Donna Summer, a platinum recording artist and queen of the disco era, has passed away at the age of 63 after a long battle with cancer. Her publicist confirmed the news to CNN.com.
Born LaDonna Gaines in Boston on New Year’s Eve, 1948, she began her career as a session singer for the likes of Three Dog Night before a creative partnership with Italian producer and disco pioneer Giorgio Moroder led to her first hit, the breathy 1976 cultural lightning-rod “Love to Love You Baby.”
High-ranking singles like “I Feel Love” “MacArthur Park,” and “Heaven Knows” followed, and the 1978 anthem “Last Dance” earned the rising star her first Grammy award. 1979’s concept album Bad Girls yielded further smashes, including “Hot Stuff” and “Dim All the Lights,” and that year also saw the popular Barbra Streisand collaboration “No More Tears (Enough Is Enough).”
After searching for a new post-disco identity for several years, Summer found her stride again with “Love Is In Control (Finger on the Trigger)” and the title track of her 1983 album She Works Hard for the Money. Several followups, however (with the exception of the top-ten 1989 hit “This Time I Know It’s For Real”) failed to reach the gold and platinum status of her previous releases.
Her immersion in born-again Christianity in the mid-’80s also alienated some fans, as did her alleged statements about AIDS being a just punishment for homosexuality. She later denied those remarks, telling The Advocate in 1989,”I’ve lost a lot of friends who have died of AIDS… people who ran my first album, who were really close to me, beautiful guys … I never said, ‘If you are gay, God hates you. Come on. Be real. I don’t understand that. Anybody who really knows me knows I wouldn’t say that.”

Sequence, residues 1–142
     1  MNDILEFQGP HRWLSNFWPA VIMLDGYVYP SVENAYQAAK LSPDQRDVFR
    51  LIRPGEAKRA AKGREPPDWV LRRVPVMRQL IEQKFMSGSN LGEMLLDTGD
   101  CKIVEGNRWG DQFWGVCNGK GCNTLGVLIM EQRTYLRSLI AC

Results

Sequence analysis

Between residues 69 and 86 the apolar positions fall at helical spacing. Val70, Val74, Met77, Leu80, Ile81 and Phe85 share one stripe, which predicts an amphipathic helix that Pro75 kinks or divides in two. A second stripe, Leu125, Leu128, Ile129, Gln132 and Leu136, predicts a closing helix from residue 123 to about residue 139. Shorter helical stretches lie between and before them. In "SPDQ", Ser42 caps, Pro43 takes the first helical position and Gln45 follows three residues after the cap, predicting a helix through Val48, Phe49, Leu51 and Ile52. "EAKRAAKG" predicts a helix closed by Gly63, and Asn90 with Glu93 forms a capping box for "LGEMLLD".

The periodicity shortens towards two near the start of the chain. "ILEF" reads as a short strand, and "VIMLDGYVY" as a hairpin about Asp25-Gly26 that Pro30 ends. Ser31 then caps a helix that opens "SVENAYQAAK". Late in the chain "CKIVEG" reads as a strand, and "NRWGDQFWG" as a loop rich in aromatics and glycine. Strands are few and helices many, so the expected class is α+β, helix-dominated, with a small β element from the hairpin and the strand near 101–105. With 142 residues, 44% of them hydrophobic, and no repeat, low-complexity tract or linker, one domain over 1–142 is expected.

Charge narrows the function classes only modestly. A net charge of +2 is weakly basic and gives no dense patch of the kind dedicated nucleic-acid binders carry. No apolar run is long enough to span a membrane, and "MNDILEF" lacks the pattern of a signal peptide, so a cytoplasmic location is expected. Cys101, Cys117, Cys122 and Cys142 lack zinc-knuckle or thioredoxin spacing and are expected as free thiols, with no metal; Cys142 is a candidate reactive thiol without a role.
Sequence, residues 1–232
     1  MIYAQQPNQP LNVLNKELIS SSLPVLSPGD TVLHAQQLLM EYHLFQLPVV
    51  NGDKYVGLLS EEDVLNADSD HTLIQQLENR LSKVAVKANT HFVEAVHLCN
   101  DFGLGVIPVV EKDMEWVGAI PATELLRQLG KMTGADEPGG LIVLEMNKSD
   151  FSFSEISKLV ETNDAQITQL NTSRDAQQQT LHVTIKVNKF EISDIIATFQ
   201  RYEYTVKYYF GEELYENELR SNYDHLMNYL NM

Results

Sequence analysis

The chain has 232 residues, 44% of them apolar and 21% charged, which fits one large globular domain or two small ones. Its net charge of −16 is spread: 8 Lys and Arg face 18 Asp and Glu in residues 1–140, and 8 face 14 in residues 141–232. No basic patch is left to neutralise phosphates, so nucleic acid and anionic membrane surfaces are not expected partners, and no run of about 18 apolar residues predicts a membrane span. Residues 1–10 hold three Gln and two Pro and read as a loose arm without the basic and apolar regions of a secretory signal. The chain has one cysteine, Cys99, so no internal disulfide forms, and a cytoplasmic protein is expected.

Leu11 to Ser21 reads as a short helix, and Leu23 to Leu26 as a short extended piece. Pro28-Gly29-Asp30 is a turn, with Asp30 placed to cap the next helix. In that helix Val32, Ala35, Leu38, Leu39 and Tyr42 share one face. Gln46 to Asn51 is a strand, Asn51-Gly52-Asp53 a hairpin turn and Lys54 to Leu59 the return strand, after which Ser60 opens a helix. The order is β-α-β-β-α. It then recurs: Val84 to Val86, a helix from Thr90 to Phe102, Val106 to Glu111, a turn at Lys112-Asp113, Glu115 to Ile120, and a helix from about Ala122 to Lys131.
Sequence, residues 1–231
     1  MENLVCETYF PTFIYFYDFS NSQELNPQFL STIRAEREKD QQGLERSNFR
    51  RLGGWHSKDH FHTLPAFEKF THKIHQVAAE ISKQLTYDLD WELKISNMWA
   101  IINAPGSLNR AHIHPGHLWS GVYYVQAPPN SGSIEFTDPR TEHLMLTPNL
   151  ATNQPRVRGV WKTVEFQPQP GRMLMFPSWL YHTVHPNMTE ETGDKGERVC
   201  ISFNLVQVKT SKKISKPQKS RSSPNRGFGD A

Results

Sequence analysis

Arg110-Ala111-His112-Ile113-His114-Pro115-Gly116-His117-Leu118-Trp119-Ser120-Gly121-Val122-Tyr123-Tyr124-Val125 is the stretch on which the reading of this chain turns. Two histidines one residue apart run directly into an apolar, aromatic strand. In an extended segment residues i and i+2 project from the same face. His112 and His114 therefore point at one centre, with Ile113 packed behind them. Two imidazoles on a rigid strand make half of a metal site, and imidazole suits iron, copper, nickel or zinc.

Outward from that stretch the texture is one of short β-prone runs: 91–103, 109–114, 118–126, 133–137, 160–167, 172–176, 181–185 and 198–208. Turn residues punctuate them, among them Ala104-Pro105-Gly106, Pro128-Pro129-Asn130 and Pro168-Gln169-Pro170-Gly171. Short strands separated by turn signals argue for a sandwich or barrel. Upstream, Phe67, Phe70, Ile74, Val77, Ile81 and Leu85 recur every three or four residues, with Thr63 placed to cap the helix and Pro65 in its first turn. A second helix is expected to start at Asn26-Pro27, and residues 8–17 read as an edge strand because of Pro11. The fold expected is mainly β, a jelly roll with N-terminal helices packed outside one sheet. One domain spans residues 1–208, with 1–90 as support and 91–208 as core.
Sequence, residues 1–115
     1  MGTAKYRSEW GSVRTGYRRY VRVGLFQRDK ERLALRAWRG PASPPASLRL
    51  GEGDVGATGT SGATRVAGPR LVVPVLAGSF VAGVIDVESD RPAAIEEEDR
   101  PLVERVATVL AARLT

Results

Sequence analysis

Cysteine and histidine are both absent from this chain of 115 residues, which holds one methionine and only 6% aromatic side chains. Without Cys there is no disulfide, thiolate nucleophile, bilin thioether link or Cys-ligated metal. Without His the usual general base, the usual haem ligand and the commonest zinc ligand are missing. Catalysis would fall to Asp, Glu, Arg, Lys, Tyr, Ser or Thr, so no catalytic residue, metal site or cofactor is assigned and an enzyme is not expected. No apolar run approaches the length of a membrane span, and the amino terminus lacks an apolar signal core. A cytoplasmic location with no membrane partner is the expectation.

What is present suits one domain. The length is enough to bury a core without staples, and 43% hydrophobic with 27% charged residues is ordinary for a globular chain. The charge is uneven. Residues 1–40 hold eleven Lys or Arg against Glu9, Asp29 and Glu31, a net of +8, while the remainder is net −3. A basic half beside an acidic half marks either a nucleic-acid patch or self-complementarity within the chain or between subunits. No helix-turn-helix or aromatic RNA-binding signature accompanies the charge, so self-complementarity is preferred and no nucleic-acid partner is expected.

Summer found fresh fans on the dance charts in the 2000s, and in 2008 released Crayons, her first album of originals in nearly two decades. In December 2009, she also performed for President Obama at the Nobel Peace Prize Concert in Oslo.
Summer, also an avid painter, moved her family from Los Angeles to Nashville in the mid-1990s, and spoke of her desire to move away from the spotlight more than once. As she told The Advocate in that same 1989 interview,”I learned that everything that brings you success does not bring you joy. It was a hard lesson to learn, because when I was young, I equated success with happiness. For me, success means work. Sure, people are screaming your name for a week, a month, or a year–however long it is–but the reality is that they are going to forget it as soon as the next hit record is released by someone else. Then they are going to be yelling that name.”
“You’ve got to maintain your level of self-esteem through everything. You are who you are, and nobody will ever be able to take that from you if you don’t let them.”
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